Memory’s mile markers cause us to remember what was and now isn’t. If I turn that television on and the mayors, governors and president talk of today’s issues, will the language be measured or even thoughtful? Will the conversation in the streets include I don’t knows? Does Toby have a song for that?

    Wasn’t it just yesterday?

  6. Hunting Guy

    I knew two of the people that died in the Pentagon. Not well, we weren’t drinking buddies but someone that worked in an office down from yours and you’d say “Hi” as you passed in the hallways.

    Funny, I remember their names but can’t remember their faces.

    I talked to several of the people stationed there that day and they told me of the luggage, aircraft engine parts and the smell of jet fuel as they dug through the rubble looking for survivors.

    I remember the idiots that claimed a missile hit the Pentagon.

    I’ve lost friends in this war. I wonder if their names will be on a monument somewhere on the Washington Mall?

    1. SHG Post author

      I wonder if there is a monument, would some later generation tear it down because of reasons we can’t fathom today.

  7. Richard Kopf


    A vignette from flyover country and 9/11:

    Bush 43 flew to Offutt air base near Omaha on 9/11, the site of the United States Strategic Command. There, he was hustled down the back circular stairs of a huge building descending 90 feet and then further down into a unworldly secure bunker. In that super secret room he spoke with and saw his advisors using the most sophisticated communication gear that existed in the world.

    The President made a decision, he would return to the White House. Soon thereafter, a Boeing 747 hurried into the sky toward Washington. Unknown to all but a very view, the 747 was a decoy. The Airborne Command Post, a plane used by generals in wartime emergencies, played the part. It looked almost exactly like the Air Force One.

    With the decoy in the air, the President quickly left for Washington in the real Air Force One. Few people were any the wiser.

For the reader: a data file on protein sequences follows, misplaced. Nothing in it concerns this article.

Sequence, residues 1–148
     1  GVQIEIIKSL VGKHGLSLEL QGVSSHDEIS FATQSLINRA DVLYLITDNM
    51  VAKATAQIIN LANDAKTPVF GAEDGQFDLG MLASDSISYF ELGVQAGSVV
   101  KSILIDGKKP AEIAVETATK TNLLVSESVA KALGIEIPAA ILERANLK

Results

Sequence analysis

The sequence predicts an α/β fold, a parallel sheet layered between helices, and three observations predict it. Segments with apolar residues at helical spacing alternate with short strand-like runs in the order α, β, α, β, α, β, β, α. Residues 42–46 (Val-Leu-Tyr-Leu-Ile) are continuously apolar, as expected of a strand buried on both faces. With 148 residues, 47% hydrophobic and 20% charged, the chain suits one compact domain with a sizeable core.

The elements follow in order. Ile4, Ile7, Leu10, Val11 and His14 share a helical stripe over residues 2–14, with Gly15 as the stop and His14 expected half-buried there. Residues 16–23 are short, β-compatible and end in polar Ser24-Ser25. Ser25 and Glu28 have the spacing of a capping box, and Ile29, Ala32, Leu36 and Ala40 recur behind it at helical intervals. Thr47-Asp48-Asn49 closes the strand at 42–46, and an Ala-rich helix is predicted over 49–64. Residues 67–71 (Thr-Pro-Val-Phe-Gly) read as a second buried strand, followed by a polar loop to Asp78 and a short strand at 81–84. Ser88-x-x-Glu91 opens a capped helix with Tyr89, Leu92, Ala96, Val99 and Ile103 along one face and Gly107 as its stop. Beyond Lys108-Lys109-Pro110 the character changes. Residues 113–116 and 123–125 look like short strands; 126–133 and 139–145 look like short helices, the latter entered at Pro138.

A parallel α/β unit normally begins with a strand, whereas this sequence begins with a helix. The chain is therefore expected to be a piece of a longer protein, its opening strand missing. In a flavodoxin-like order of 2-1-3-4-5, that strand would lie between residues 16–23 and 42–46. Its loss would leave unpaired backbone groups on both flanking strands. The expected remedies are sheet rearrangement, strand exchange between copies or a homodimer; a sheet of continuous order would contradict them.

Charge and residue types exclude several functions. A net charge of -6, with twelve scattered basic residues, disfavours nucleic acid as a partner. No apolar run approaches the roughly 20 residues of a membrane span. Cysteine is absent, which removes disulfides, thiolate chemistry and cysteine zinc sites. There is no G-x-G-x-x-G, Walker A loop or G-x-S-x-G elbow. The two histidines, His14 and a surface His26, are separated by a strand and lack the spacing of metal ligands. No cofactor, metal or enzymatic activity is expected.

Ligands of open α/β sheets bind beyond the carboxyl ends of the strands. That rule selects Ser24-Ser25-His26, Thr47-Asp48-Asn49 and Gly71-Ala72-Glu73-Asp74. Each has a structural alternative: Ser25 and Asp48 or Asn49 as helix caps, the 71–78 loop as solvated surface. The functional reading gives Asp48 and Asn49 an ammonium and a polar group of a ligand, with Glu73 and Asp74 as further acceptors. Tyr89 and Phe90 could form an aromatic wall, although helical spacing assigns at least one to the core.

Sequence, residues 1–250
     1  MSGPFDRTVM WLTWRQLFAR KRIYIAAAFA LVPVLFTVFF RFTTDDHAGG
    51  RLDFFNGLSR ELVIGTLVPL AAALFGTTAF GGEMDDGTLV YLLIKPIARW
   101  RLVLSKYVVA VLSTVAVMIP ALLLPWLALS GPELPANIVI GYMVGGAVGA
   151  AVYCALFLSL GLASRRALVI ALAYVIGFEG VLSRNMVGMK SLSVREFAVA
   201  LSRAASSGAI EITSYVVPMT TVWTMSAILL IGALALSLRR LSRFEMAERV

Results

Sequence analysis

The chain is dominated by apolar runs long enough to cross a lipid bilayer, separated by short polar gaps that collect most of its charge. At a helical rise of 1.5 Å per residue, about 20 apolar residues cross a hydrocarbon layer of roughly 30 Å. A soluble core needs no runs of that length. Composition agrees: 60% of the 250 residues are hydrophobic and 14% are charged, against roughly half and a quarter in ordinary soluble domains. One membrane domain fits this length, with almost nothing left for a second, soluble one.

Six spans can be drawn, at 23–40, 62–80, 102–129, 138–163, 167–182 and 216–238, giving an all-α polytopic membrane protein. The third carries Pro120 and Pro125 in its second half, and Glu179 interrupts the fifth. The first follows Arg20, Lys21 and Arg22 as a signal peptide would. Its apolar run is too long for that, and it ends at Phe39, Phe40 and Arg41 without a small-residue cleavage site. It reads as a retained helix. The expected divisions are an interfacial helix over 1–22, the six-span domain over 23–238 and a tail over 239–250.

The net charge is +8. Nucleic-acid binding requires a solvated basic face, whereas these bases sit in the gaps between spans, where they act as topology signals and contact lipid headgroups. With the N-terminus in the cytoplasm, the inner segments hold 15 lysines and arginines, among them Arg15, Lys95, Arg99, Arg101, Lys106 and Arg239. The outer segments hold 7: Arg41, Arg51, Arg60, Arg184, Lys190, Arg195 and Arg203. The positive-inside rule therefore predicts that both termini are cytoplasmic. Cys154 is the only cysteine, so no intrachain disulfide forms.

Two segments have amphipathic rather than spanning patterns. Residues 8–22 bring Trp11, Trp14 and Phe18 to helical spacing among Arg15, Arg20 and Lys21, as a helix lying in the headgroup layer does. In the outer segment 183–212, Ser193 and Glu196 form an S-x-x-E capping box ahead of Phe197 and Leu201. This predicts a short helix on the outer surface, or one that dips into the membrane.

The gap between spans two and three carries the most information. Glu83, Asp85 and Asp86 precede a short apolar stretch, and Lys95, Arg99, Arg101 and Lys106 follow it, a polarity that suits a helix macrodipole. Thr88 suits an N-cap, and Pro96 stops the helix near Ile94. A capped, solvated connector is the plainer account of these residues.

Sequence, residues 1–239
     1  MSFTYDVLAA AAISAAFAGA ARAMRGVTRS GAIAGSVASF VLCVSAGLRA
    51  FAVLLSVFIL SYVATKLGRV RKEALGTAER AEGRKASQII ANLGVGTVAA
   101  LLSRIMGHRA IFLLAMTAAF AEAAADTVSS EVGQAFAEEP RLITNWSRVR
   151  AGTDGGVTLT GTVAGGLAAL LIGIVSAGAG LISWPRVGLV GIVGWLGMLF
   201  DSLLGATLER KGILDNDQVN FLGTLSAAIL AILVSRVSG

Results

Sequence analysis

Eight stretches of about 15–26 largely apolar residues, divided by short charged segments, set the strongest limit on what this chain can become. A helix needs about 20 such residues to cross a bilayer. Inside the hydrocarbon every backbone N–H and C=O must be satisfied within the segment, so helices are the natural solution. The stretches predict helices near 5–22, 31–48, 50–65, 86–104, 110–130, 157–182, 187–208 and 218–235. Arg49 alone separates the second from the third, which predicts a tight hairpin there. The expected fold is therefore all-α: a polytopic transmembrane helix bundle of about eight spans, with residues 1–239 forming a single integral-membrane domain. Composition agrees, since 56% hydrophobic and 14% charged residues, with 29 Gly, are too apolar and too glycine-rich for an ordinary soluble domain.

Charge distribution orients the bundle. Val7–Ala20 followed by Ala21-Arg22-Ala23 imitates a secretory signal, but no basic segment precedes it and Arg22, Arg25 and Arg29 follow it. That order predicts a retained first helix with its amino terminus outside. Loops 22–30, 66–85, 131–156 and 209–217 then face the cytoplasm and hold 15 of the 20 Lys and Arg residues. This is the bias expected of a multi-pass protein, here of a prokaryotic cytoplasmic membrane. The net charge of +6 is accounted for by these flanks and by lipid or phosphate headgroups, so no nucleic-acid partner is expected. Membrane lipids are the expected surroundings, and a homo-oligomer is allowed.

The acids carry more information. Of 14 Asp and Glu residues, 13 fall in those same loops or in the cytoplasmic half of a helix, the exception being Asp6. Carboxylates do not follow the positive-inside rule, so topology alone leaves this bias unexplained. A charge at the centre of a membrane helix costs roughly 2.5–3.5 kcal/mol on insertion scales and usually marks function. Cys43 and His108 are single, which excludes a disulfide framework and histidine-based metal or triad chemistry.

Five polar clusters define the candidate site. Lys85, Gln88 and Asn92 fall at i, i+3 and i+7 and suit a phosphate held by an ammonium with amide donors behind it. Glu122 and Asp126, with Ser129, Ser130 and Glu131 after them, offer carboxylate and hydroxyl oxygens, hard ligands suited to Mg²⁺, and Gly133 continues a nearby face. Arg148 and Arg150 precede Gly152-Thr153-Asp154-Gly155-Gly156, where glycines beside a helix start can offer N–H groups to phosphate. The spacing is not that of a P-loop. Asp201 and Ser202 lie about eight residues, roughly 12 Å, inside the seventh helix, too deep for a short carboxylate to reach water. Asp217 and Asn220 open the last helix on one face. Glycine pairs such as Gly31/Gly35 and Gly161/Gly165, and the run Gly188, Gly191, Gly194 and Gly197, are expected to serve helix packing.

8. Denverite

    Seared in my memory. The largest office in the country outside of the DC headquarters of the place I used to work for was in WTC 7, adjacent to the WTC 1 tower. When the tower fell, the WTC 7 ignited and it collapsed late that afternoon. In my office in Denver we watched the collapse and fire on the tube without knowing if WTC 7 had been successfully evacuated. No one in DC headquarters knew until at least a day or perhaps more whether anyone in that building had survived. All of us knew dozens of people well who worked in the NYC office. It turned out WTC 7 was evacuated in time and no lives were lost there.

    For some reason many seem have settled into a comfortable amnesia where all energy is focused on Cheeto’s or somebody else’s latest twitter outrage. Perhaps we are doing a collective Scarlett O’Hara again (“I won’t think about that today – I’ll think about that tomorrow”) where we have decided to never think about it because the tale doesn’t fit into an easy good guys/bad guys and we won in historic struggle story.

  9. Shane Kelley

    I was 8 years old on 9/11 and only remember certain things about that time. I don’t think many of my fellow young people care to know or reflect on what happened. It’s a shame that the New York Times doesn’t find it important, but it gives me hope that some are still willing to help us learn. Thank you.

  10. Howl

    On a clear day, we could see the WTC towers from where I was working at the time. Upon hearing about the first crash, we crowded around a television. Freak accident was what we thought, until we saw the second plane crash into the other tower. A surreal silence enveloped the room.
    A strange feeling from that day on when looking toward Manhattan, seeing that the towers were no longer there.
    So many folks around here know someone who died that day, or someone who lost a loved one.

  11. Dan J

    I was a senior in high school, struggling with calculus during my free period when the office aid came in and said one tower had fallen, the other was burning, and a plane crashed into the Pentagon. We scoffed, what a ludicrous thing to say! Watching the news coverage later was beyond shocking to me, an invincible 17 year old living in the mighty USA.

    My best friend in college was from Summit, NJ and he remembers going to the top of a parking garage and watching the ruins of the towers smoke. I visited NYC a few times in college, most notably a few days after the subway reopened going through the hole where the tower used to be. It was quite a sobering sight to look up at the emptiness.